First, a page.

Ainsworth, William Francis (DNB01)
|←Adye, John Miller||Dictionary of National Biography, 1901 supplement
Ainsworth, William Francis
|Airey, James Talbot→|
AINSWORTH, WILLIAM FRANCIS (1807-1896), geographer and geologist, born on 9 Nov. 1807 at Exeter, was the son of John Ainsworth of Rostherne in Cheshire, captain in the 15th and 128th regiments. The novelist, William Harrison Ainsworth [q.v.], was his cousin, and at his instance he adopted the additional Christian name of Francis to avoid confusion of personality. In 1827 he became a licentiate of the Royal College of Surgeons, Edinburgh, where he filled the office of president in the Royal Physical and the Plinian societies. He afterwards proceeded to London and Paris, where he became an interne at the school of mines. While in France he gained practical experience of geology among the mountains of Auvergne and the Pyrenees. After studying at Brussels he returned to Scotland in 1829 and founded, in 1830, the 'Edinburgh Journal of Natural and Geographical Science,' which was discontinued in the following year. In 1831, on the appearance of cholera at Sunderland, Ainsworth proceeded thither to study it, and published his experiences in 'Observations on the Pestilential Cholera,' London, 1832, 8vo. This treatise led to his appointment as surgeon to the cholera hospital of St. George's, Hanover Square. On the outbreak of the disease in Ireland he acted successively as surgeon of the hospitals at Westport, Ballinrobe, Claremorris, and Newport. He subsequently recorded many incidents of his sojourn in 'Ainsworth's Magazine' and the 'New Monthly Magazine.' In 1834 he published 'An Account of the Caves of Ballybunian in Kerry,' Dublin, 8vo, in which he showed a grasp of geological principles remarkable in a treatise of so early a date.
In 1836 Ainsworth, after studying the art of making observations under Sir Edward Sabine [q. v.], was appointed surgeon and geologist to the expedition to the Euphrates under Francis Rawdon Chesney [q.v.] On his return he published his observations under the title of 'Researches in Assyria, Babylonia, and Chaldsea,' London, 1838, 8vo, with a dedication to Chesney. Shortly afterwards he was placed in charge of an expedition to the Christians of Chaldaea, which was sent out by the Royal Geographical Society and the Society for Promoting Christian Knowledge. He proceeded to Mesopotamia, through Asia Minor, the passes of Taurus, and Northern Syria, reaching Mosul in the spring of 1840. During the summer he explored the Kurdistan mountains and visited the lake of Urimiyeh in Persian territory, returning through Greater Armenia, and reaching Constantinople late in 1840. The expedition proved more tedious than had been anticipated; the funds for its support were exhausted, and Ainsworth was left to find his way home at his own expense. In 1842 he published an account of the expedition entitled 'Travels and Researches in Asia Minor, Mesopotamia, Chaldsea, and Armenia,' London, 2 vols. 12mo. Two years later, in 1844, he produced his masterpiece, the 'Travels in the Track of the Ten Thousand Greeks,' London, 8vo, a geographical and descriptive account of the expedition of Cyrus and of the retreat of his Greek mercenaries after the death of the Persian prince. In 1854 he furnished a geographical commentary to accompany the translation of Xenophon's 'Anabasis' by John Selby Watson [q. v.], which was issued in Bohn's 'Classical Library,' and was republished in 1894 as one of Sir John Lubbock's 'Hundred Books.'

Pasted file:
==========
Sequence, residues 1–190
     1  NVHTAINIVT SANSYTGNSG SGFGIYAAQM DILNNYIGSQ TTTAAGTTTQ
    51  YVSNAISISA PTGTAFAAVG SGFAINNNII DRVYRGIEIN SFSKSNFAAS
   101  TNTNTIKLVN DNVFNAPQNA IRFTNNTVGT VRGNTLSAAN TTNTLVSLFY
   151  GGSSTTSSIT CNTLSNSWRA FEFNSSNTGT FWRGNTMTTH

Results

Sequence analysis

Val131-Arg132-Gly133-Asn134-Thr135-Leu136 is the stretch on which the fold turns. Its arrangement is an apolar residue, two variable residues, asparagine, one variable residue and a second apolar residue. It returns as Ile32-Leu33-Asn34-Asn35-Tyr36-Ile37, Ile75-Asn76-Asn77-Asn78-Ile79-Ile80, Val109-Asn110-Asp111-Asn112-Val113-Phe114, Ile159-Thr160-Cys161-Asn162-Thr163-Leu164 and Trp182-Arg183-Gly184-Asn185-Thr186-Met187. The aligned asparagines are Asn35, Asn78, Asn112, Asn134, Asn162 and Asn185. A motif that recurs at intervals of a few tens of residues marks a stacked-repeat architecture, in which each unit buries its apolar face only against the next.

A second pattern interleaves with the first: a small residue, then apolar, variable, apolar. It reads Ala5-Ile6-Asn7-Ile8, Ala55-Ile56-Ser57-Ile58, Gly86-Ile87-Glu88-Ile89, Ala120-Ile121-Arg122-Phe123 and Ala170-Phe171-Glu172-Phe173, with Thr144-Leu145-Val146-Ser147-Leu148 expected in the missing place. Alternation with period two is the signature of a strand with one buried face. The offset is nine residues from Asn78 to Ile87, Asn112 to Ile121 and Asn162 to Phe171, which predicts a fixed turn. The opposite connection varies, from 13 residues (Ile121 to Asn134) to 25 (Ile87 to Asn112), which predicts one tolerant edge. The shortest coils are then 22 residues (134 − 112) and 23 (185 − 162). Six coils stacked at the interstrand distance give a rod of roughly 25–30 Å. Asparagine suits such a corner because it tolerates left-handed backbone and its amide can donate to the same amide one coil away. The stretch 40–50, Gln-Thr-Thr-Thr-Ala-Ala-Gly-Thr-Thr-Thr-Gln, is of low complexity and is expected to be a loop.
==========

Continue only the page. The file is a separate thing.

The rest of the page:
After his return to England in 1841 Ainsworth settled at Hammersmith, and assisted his cousin, William Harrison Ainsworth, in the conduct of several magazines, including 'Ainsworth's,' 'Bentley's Miscellany,' and the 'New Monthly.' In 1871 he succeeded his cousin as editor of the 'New Monthly Magazine,' and continued in that post until 1879. For some years he acted as honorary secretary to the Syro-Egyptian Society, founded in 1844, and he was concerned with various endeavours to promote the adoption of the Euphrates and Tigris valleys route to India, with which Chesney's expedition had been connected. He was one of the founders of the West London Hospital, and its honorary treasurer until his death at 11 Wolverton Gardens, Hammersmith, on 27 Nov. 1896. He was the last survivor of the original fellows of the newly formed Royal Geographical Society in 1830, was elected a fellow of the Society of Antiquaries on 14 April 1853, and was also a corresponding member of several foreign societies. He married, and left a son and two daughters.
Besides the works already mentioned Ainsworth was the author of: 1. 'The Claims of the Christian Aborigines of the Turkish or Osmanlee Empire upon Civilised Nations,' London, 1843, 12mo. 2. 'All Round the World, an Illustrated Record of Travels, Voyages, and Adventures,' London, 1860-2, 4 vols. 4to. 3. 'Wanderings in every Clime,' London, 1872, 4to. 4. 'A Personal Narrative of the Euphrates Expedition,' London, 1888, 2 vols. 8vo. 5. 'The River Kariin, an Opening to British Commerce,' London, 1890, 8vo. He also translated Francois Auguste Marie Mignet's 'Antonio Perez and Philip II,' London, 1846, 8vo, and edited 'Lares and Penates' from the papers of William Burckhardt Barker [q.v.], London, 1853, 8vo.[Geogr. Journ. 1897, ix. 98; Biograph, 1881, vi. 350-3; Athenæum, 1896, ii. 799; Times, 30 Nov. 1896; Mrs. Chesney and Mrs. O'Donnell's Life of General Chesney, ed. Stanley Lane-Poole, 1885.]